Moving outside, an atrium with fireplace and furnishing has been constructed for outdoor dining, and a small breakfast spot is built from recycled timber blocks. There's also a firewood-heated sauna and fruit trees and vegetable gardens to enable small-scale food production.

The ZEB Pilot House was completed earlier this month and its performance will be monitored longterm to ensure that it meets all estimates. Research organization SINTEF and building supply firms Brødrene Dahl and Optimera were also involved in the project.

Sources: Snøhetta, ZEB

View gallery - 8 images
15 comments
Kevin Burke
is it affordable?.
Harvey
The photovoltaic setup alone would cost about $100,000 in the U.S.
BeWalt
@ Harvey: Not so. First, there are full service providers like Solar City, look 'em up and you will be surprised about what you find.
Secondly, let's say you really go and buy these panels (see pricing on ebay). What you will find is that a 240 W panel covering 1.6 sq meters is around 200 bucks, making this 150 sq meter installation a thing of $ 20k.
Yes, there is installation to count on top, and system parts. That ups cost usually by two-and-a-half, still well away from your 100 grand. All the while no more monthly bills for heat, power, and even fuel for your car if you have an electric one. Oil is dead, it just doesn't know it yet.
One watt whole sale is now below $0.50 and I well remember people said (20 years back) that getting to a buck per watt would start the solar revolution. We're at 50 cents and voila, hundreds of thousands of people are already working in solar energy. Soon to surpass half a million in the U.S. alone.
Slowburn
@ BeWalt Cost not subsidized price.
BeWalt
@ Slowburn: Funny you'd mention that. Take away all the subsidies and solar wins hands down, tomorrow.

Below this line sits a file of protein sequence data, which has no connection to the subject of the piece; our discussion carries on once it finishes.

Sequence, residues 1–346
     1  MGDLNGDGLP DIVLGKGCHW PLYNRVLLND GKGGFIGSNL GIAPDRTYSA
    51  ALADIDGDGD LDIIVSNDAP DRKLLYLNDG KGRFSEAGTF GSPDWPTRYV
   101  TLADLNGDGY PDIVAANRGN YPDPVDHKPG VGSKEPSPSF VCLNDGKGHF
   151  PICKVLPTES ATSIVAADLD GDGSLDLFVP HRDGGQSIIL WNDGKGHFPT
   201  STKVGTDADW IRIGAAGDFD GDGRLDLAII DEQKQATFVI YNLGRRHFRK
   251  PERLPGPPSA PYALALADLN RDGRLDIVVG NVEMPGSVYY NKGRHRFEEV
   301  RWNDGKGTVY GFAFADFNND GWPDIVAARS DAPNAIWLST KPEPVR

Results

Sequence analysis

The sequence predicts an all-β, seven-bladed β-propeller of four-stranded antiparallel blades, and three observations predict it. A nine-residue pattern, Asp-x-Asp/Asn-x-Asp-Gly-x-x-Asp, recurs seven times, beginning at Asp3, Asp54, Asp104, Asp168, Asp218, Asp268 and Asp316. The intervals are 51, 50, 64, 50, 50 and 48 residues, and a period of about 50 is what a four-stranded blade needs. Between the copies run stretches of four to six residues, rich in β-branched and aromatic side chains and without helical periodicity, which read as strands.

There's lots of great info about energy subsidies and especially in the U.S. and lo and behold renewable subsidies are *dwarfed* by the ones the non-renewable oldies get.
Peter Mason
@Slowburn
"In its 2013 World Energy Outlook, the International Energy Agency found fossil fuels received subsidies totalling $US544 billion in 2012, five times more than the financial support for renewable energy which was calculated to be $US101 billion."
http://www.abc.net.au/news/2014-09-24/green-bonds-on-the-rise-as-a-low-carbon-economy-becomes-profita/5765078
ivan4
@Peter Mason, since when has a legitimate lower tax rate been a subsidy? There is not one instance of fossil fuels getting direct payments from governments whereas the renewable industry would fold if their direct payments from taxes were stopped.
BeWalt
@ ivan4: Thank you for that brilliant observation. Yes!! There shall be no more "subsidies", instead only "legitimate lower tax rates" may be allowable, from now on.
That will fix all problems, and all of us will finally agree, and fiscal budgets will experience no more losses. A tip of the hat to this nugget of conservative thinking.
TeeWee
Notice how when describing all the alleged benefits of these 'sustainable' (no such thing) projects they use words such as, should, could, may, might, so she there systems do not live up to the promise they have wiggle room.
Don Duncan
This house has not been proven yet. All we have is a claim (guesstament). First the trials, then end users will determine the final performance.
As for the viability of "sustainable" energy, as in all technology, the proof will come with use. The proof is presently obscured by the existence of a controlled market, a taxed/regulated market. This unfree market distorts. A free market would give us the essential information we need to progress. Unfortunately, free markets are feared and vilified, hence, govt. When this irrational fear is replaced by unforced economic interaction, humanity will be free from a very destructive superstition.